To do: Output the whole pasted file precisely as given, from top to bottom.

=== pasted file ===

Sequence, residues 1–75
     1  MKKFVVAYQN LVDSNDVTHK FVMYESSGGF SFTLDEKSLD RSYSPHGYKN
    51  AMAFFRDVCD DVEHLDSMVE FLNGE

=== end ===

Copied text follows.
Sequence, residues 1–75
     1  MKKFVVAYQN LVDSNDVTHK FVMYESSGGF SFTLDEKSLD RSYSPHGYKN
    51  AMAFFRDVCD DVEHLDSMVE FLNGE